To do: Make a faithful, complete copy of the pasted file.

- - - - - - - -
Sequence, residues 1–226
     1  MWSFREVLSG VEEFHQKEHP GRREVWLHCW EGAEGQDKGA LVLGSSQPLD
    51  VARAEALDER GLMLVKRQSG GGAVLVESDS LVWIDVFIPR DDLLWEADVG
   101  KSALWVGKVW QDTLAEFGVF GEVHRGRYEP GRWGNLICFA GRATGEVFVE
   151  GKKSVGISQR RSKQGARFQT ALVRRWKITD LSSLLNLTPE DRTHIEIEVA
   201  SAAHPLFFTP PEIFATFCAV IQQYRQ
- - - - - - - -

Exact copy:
Sequence, residues 1–226
     1  MWSFREVLSG VEEFHQKEHP GRREVWLHCW EGAEGQDKGA LVLGSSQPLD
    51  VARAEALDER GLMLVKRQSG GGAVLVESDS LVWIDVFIPR DDLLWEADVG
   101  KSALWVGKVW QDTLAEFGVF GEVHRGRYEP GRWGNLICFA GRATGEVFVE
   151  GKKSVGISQR RSKQGARFQT ALVRRWKITD LSSLLNLTPE DRTHIEIEVA
   201  SAAHPLFFTP PEIFATFCAV IQQYRQ